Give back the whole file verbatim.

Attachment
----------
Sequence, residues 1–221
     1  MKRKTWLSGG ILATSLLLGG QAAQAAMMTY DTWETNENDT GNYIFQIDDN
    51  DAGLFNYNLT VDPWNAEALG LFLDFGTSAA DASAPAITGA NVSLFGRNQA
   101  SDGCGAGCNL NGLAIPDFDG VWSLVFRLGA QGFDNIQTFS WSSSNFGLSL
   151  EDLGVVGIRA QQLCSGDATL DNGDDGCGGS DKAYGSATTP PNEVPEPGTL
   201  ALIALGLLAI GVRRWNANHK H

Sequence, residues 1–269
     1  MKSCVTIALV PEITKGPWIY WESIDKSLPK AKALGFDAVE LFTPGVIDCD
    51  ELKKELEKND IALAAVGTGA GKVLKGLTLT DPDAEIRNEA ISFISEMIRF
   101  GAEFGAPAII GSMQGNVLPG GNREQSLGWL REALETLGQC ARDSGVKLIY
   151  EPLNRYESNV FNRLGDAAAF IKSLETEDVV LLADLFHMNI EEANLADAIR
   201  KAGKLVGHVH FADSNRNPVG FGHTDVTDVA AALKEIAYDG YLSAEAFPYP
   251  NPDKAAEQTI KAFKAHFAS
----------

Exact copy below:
Sequence, residues 1–221
     1  MKRKTWLSGG ILATSLLLGG QAAQAAMMTY DTWETNENDT GNYIFQIDDN
    51  DAGLFNYNLT VDPWNAEALG LFLDFGTSAA DASAPAITGA NVSLFGRNQA
   101  SDGCGAGCNL NGLAIPDFDG VWSLVFRLGA QGFDNIQTFS WSSSNFGLSL
   151  EDLGVVGIRA QQLCSGDATL DNGDDGCGGS DKAYGSATTP PNEVPEPGTL
   201  ALIALGLLAI GVRRWNANHK H

Sequence, residues 1–269
     1  MKSCVTIALV PEITKGPWIY WESIDKSLPK AKALGFDAVE LFTPGVIDCD
    51  ELKKELEKND IALAAVGTGA GKVLKGLTLT DPDAEIRNEA ISFISEMIRF
   101  GAEFGAPAII GSMQGNVLPG GNREQSLGWL REALETLGQC ARDSGVKLIY
   151  EPLNRYESNV FNRLGDAAAF IKSLETEDVV LLADLFHMNI EEANLADAIR
   201  KAGKLVGHVH FADSNRNPVG FGHTDVTDVA AALKEIAYDG YLSAEAFPYP
   251  NPDKAAEQTI KAFKAHFAS